MacFixIt Answers is a feature in which we answer questions e-mailed in by our readers.
This week people wrote in with questions on preserving an intact preferences file for restoring if the working one becomes corrupt, using an alternative e-mail account with iCloud, an unrecoverable filesystem error showing in Disk Utility, and why not download PKG installer files directly. We continually answer e-mail questions, and though we present answers here, we welcome alternative approaches and views from readers and encourage you to post your suggestions in the comments.
NOTE: The "contact us" box for e-mailing us will hopefully be back soon, but until then please use the contact links at the bottom of each article to send in your questions.
Question: Preserving an intact preferences file to restore corrupt ones
In response to a suggestion of removing the log-in window preferences file to correct a configuration problem, MacFixIt reader Andreas asks:
That is definitely one approach you can take in order to be able to quickly restore the preferences file if it gets corrupted in the future. Some people have used Time Machine and other automated options to restore older and working versions of property lists, but a manual backup should do just fine, especially for configuration files that do not change frequently.
Question: Using an alternate e-mail account with iCloud
MacFixIt reader Dan asks:
The e-mail account associated with Apple's iCloud service is going to be "firstname.lastname@example.org," but you do not need to use this and can set up any alternative e-mail account in Mail as your main e-mail account. To do this, you can set up your account in the Mail, Contacts & Calendars system preferences, or directly in Mail's Accounts preferences. After you do this, go to the iCloud system preferences and uncheck the Mail & Notes option to disable the iCloud e-mail account if you wish.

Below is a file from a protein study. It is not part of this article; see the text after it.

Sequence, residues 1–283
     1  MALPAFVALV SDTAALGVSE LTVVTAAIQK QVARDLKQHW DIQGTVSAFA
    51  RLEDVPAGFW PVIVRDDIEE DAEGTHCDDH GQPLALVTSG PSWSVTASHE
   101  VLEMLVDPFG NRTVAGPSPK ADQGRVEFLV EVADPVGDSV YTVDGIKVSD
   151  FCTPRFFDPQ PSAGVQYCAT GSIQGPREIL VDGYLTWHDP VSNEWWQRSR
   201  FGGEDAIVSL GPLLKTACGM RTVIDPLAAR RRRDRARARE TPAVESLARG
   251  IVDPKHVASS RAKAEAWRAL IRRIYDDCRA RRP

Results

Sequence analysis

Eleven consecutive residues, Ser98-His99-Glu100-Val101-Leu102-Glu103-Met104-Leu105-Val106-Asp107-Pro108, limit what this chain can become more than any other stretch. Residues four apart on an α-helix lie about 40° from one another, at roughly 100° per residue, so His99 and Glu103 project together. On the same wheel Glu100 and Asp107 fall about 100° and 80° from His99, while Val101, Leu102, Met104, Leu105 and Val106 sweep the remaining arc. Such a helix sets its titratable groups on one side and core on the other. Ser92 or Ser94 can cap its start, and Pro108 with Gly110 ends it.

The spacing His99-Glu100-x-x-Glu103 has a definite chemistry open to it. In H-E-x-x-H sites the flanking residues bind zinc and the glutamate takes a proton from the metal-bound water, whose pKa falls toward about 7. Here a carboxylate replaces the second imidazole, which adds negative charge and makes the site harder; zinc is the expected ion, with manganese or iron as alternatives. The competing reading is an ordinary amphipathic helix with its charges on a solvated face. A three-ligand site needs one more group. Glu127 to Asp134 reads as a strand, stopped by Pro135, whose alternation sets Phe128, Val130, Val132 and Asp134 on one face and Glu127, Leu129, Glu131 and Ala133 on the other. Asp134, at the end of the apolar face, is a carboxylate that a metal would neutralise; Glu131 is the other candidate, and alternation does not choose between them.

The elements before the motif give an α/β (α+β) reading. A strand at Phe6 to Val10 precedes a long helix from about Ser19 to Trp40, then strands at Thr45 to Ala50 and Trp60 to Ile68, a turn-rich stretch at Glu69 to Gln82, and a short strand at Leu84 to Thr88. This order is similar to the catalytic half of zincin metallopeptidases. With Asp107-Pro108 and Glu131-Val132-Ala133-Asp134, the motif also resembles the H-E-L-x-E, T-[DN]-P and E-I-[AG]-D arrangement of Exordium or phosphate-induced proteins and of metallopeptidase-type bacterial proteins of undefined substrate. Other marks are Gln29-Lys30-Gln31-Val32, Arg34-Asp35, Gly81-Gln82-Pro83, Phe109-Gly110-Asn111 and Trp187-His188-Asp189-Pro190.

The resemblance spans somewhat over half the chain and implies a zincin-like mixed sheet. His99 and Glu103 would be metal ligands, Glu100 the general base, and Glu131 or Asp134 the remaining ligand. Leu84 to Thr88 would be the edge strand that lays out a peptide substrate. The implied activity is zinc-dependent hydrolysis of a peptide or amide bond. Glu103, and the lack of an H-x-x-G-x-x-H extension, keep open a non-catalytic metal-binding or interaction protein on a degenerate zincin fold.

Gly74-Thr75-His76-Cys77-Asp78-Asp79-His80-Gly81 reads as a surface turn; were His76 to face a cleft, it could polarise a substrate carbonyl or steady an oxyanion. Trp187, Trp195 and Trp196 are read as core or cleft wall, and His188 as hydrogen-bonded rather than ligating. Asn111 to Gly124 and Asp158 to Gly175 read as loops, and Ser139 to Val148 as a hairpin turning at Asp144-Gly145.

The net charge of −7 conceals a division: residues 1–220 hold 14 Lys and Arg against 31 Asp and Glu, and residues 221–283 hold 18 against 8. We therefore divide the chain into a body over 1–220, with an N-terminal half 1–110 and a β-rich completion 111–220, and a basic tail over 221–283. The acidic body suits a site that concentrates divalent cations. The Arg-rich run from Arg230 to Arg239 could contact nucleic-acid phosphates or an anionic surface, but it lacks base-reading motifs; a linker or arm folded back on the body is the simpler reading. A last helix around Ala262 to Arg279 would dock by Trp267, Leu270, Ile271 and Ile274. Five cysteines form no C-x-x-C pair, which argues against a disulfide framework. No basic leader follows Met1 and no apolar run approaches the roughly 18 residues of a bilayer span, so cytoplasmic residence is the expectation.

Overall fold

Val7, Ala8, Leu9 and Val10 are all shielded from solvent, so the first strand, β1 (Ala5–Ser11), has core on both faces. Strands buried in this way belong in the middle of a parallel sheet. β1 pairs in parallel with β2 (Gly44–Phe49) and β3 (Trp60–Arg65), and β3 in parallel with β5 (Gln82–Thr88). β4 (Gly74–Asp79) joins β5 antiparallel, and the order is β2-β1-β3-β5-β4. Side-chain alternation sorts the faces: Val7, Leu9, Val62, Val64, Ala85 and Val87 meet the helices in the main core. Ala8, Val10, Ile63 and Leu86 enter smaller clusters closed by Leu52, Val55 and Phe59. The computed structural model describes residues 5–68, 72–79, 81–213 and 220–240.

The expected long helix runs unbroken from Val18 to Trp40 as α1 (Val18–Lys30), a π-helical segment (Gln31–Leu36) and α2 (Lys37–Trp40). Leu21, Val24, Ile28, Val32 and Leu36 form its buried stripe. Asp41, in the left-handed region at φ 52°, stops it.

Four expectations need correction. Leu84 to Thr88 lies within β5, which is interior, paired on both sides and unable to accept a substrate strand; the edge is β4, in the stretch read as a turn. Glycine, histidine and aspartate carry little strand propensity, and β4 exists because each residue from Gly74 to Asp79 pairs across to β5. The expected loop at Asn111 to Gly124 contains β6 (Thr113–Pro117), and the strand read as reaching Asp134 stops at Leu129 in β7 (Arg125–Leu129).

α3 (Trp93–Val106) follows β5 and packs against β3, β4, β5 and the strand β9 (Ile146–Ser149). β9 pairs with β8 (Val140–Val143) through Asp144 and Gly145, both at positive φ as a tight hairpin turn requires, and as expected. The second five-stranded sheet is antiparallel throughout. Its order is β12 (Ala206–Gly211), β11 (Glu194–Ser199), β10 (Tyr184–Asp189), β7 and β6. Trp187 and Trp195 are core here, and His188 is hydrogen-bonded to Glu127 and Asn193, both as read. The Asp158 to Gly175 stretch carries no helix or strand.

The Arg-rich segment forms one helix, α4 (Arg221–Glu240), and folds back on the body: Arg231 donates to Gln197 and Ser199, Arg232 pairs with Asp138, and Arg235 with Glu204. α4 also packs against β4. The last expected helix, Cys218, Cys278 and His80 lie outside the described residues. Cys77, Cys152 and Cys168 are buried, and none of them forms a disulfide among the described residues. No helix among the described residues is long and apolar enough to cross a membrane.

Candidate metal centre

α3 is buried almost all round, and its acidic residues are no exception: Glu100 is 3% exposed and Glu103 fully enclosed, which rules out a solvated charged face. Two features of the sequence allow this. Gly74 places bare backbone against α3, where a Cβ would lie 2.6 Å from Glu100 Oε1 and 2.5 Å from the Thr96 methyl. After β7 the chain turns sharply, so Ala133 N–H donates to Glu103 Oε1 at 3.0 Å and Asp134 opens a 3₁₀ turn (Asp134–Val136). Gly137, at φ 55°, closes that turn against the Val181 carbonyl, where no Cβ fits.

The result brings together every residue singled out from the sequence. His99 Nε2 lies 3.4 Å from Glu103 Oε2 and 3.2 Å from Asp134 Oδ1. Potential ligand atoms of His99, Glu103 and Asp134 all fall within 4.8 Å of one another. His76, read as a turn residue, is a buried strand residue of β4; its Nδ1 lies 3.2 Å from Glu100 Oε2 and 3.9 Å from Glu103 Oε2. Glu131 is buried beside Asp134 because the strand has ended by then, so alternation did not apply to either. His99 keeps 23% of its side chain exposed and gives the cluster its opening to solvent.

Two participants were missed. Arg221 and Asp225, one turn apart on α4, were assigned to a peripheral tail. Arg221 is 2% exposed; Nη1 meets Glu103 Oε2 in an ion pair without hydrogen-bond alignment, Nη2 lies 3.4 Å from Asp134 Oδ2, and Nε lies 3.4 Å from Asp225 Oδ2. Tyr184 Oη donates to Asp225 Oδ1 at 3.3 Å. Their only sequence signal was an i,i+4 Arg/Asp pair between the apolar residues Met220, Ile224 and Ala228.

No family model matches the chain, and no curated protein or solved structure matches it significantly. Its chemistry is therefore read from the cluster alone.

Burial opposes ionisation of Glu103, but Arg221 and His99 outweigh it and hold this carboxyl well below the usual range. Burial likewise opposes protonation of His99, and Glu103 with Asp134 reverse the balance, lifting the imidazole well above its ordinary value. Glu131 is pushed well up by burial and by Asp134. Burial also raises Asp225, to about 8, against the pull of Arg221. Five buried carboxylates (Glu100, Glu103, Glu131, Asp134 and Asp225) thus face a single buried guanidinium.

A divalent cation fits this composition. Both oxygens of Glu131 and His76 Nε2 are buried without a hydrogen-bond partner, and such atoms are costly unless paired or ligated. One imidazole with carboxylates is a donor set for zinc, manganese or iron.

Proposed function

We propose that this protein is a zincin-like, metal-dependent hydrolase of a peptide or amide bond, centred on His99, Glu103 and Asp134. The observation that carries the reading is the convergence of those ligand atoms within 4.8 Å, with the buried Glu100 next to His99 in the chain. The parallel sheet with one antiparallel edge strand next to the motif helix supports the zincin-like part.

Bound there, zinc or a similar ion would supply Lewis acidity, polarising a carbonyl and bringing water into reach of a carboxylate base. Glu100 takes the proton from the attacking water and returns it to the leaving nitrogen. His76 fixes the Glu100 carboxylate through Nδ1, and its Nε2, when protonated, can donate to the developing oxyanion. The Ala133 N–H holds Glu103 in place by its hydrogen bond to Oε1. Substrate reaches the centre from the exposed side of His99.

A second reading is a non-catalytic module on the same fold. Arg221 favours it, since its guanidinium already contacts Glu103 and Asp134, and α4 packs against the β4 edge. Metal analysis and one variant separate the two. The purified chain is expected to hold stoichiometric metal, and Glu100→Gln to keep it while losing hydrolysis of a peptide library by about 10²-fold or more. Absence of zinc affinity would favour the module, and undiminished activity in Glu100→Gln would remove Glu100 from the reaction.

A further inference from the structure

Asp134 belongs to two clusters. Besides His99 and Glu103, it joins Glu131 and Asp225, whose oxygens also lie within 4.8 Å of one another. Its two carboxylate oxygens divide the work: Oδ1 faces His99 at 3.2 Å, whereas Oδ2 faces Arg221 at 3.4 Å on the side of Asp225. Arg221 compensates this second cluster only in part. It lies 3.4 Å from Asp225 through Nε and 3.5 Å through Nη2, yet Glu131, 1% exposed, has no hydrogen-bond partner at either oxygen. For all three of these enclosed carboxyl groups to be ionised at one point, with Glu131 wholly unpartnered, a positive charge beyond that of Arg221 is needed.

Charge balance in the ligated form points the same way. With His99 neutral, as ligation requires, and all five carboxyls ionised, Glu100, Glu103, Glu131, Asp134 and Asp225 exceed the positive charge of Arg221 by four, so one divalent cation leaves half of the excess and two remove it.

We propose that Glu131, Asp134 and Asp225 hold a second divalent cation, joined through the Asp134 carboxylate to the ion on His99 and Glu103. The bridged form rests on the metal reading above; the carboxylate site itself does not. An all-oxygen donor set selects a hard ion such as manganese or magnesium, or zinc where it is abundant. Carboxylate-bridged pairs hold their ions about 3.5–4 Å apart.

Question: Unrecoverable filesystem error showing in Disk Utility
MacFixIt reader Eddie asks:
Unfortunately fixing this type of problem depends on the nature of it and whether or not a third-party program can detect and correct it. Disk Utility should be able to do this, but it is not the best at correcting these issues. There are some free tools for correcting disk issues; however, they are terminal-based and are not easy to use. My recommendation would be to use DiskWarrior or a similar tool like Drive Genius, TechTool Pro, or Disk Tools X to try correcting the problem, but these will cost a bit and not be guaranteed to recover the drive.
There are a number of "free" tools that will check drives, but most of the free ones just interface with Apple's built-in disk utility commands and do not offer any new "fixing" technologies.
Optionally you can try using a file recovery tool that can scan the drive and try to extract file patterns off of it, but this is usually a last-resort option for recovering data and can be a very hit-or-miss operation.
Question: Downloading PKG installer files directly
MacFixIt reader Ian asks:
The DMG file helps protect the active files (in this case the PKG) from being tampered with. The DMG file contains a checksum for its contents that help determine if they have been corrupted. If a PKG file is corrupted then it may cause system problems if you install it; however, if the DMG file "wrapper" is corrupted then it will just not open.
Lastly, PKG files and applications are not individual files, but instead are "packages" that are essentially special folders with a number of files within them. This structure prevents some Web services from managing packages as files, and can cause corruption in them if downloaded directly.
There is no benefit to putting a DMG file in a ZIP file, but ZIP files and other archiving file types have historically been used for electronic downloads so some distributors may just be sticking to convention.